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L.A. Judge Orders Release Of Migrant Children In Custody

Detained immigrant children line up in the cafeteria at a temporary home for ...

Photo by Eric Gay AP

Above: Detained immigrant children line up in the cafeteria at a temporary home for immigrant women and children detained at the border, in Karnes City, Texas.

A Los Angeles federal judge ordered the government on Friday to "make every effort to promptly and safely release'' the thousands of immigrant children in custody who have suitable guardians.

U.S. District Judge Dolly Gee ruled that U.S. Immigration and Customs Enforcement and the Office of Refugee Resettlement violated a 1997 agreement guaranteeing all detained immigrant children the right to safe and sanitary conditions of detention and to promptly release them to sponsors living in the United States.

Gee ruled the government violated the settlement, commonly known as the Flores agreement, by not releasing minors without unnecessary delay, refusing to release minors to some relatives unless the relatives were first fingerprinted, and continuing to keep children in custody even though their legal proceedings were ongoing and therefore could not deported.

Gee quoted Dr. Julie DeAun Graves in her ruling, "Postponing the release of children in facilities with known COVID-19 exposure is like leaving them in a burning house rather than going in to rescue them and take them to safety.''

Gee also ordered two court-appointed juvenile coordinators to submit to the court reports detailing the government's compliance with the court's order and the U.S. Centers for Disease Control and Prevention's recommendations, including plans to identify and protect children at higher risk of serious illness from COVID-19, and individualized assessments of children subject to removal orders.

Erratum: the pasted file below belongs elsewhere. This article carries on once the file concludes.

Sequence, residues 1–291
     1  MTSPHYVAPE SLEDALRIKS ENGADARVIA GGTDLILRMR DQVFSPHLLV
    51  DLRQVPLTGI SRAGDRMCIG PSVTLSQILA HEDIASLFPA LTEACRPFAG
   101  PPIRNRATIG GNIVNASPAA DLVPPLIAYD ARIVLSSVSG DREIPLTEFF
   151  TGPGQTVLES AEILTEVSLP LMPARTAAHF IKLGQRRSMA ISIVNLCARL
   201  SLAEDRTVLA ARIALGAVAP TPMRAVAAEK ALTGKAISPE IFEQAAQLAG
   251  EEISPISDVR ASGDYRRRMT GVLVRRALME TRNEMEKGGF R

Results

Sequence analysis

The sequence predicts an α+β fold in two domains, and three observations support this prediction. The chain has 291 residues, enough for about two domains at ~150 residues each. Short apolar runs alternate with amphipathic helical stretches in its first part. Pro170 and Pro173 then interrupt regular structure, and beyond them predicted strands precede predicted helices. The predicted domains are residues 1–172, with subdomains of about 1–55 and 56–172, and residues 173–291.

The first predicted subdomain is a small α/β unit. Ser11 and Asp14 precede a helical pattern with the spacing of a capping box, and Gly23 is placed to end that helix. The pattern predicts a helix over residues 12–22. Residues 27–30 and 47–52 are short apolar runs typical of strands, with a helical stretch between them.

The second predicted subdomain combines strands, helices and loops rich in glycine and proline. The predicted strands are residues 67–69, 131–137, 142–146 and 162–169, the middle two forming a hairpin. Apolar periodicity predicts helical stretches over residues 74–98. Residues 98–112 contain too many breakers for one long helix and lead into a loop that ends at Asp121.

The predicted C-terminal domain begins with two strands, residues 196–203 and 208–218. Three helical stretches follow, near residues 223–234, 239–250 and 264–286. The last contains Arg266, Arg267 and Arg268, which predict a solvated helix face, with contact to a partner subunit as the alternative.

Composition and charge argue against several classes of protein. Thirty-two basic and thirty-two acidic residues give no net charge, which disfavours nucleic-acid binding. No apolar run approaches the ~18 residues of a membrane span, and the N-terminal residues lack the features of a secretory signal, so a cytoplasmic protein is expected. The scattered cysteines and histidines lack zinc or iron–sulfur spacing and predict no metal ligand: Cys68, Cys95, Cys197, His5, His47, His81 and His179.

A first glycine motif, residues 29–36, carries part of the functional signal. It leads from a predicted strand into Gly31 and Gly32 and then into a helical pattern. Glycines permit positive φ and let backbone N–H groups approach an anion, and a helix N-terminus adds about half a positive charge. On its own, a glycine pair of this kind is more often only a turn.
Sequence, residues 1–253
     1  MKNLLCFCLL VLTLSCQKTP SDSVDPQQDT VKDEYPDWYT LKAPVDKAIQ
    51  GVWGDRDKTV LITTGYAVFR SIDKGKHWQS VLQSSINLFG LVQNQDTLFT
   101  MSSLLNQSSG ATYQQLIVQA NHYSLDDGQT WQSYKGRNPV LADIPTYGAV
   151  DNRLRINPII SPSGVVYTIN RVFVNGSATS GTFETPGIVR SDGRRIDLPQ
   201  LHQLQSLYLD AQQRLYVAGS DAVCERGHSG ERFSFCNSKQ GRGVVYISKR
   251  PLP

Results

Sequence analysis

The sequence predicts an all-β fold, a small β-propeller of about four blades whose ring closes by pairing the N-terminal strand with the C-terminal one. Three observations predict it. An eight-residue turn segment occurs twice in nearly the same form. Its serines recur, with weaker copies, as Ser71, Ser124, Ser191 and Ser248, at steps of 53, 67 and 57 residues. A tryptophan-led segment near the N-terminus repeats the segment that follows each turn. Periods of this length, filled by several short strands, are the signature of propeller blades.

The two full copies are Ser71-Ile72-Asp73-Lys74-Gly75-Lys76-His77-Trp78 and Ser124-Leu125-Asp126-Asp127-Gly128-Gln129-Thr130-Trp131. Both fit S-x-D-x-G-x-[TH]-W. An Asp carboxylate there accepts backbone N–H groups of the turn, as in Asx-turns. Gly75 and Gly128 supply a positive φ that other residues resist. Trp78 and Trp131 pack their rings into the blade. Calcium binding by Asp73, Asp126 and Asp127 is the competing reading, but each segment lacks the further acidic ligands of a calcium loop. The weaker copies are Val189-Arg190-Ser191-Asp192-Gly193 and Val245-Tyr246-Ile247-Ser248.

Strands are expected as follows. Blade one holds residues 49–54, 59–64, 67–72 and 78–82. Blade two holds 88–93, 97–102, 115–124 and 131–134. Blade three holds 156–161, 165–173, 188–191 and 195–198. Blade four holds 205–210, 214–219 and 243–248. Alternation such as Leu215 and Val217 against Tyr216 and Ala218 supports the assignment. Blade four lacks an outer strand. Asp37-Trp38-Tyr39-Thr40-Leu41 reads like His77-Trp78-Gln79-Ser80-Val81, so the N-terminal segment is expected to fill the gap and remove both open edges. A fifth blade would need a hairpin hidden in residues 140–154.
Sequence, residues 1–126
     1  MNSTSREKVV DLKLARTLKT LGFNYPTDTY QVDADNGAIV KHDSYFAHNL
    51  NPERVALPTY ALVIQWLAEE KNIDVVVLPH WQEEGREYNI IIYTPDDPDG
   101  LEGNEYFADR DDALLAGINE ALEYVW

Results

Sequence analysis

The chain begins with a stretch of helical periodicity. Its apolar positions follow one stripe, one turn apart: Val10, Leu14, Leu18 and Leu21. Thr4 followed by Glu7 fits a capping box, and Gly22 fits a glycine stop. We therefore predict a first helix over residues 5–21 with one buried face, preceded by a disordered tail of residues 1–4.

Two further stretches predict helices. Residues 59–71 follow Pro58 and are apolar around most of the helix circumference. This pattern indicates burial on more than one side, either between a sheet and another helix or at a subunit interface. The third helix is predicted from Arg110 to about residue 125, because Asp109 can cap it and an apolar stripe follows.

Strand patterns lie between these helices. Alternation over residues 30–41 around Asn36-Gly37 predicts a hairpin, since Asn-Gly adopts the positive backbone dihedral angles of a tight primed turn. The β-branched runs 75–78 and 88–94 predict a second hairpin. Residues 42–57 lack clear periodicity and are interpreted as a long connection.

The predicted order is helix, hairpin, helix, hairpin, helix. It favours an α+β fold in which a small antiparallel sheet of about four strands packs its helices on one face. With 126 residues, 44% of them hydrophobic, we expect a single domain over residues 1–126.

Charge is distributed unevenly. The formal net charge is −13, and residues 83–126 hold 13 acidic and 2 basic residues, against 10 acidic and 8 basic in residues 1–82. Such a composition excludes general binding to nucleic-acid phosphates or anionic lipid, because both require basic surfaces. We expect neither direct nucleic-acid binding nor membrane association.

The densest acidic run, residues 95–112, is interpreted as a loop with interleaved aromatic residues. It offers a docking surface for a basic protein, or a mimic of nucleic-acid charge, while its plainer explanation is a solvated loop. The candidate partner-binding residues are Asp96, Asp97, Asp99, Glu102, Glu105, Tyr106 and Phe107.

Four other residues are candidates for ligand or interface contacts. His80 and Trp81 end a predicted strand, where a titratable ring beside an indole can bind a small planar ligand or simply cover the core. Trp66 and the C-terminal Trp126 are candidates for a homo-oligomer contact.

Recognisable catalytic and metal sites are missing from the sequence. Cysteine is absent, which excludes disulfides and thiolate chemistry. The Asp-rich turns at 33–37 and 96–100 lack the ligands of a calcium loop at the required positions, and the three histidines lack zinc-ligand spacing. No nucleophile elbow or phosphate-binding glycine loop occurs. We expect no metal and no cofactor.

Gee and counsel for the children will continue to monitor the government's compliance with this order and report back to the court before a further hearing on May 22.

The nationwide order was issued at the request of the Center for Human Rights and Constitutional Law, a Los Angeles-based human rights organization that filed the suit leading to the Flores agreement.

Peter Schey, one of the attorneys who filed the original lawsuit in 1986 and continues as co-lead counsel in the case, said Friday's ruling "simply requires the government to comply with an agreement it reached with us in 1997 by providing children with safe detention conditions and prompt family reunification with relatives living here.''

"The Trump administration should have taken immediate steps to come into full compliance with the settlement as soon as the COVID-19 pandemic began to threaten the health and well-being of detained children,'' Schey said. "This ruling may very well prevent detained children from becoming very ill in the coming weeks, or worse dying while in federal custody.''

Gee had issued a temporary nationwide restraining order in the case on March 28 and extended it on April 10 to April 24.

President Donald Trump has denounced the Flores agreement and is trying to reverse it on appeal after Gee denied a government request last year to terminate the agreement based on new regulations the administration issued dealing with the detention of children.

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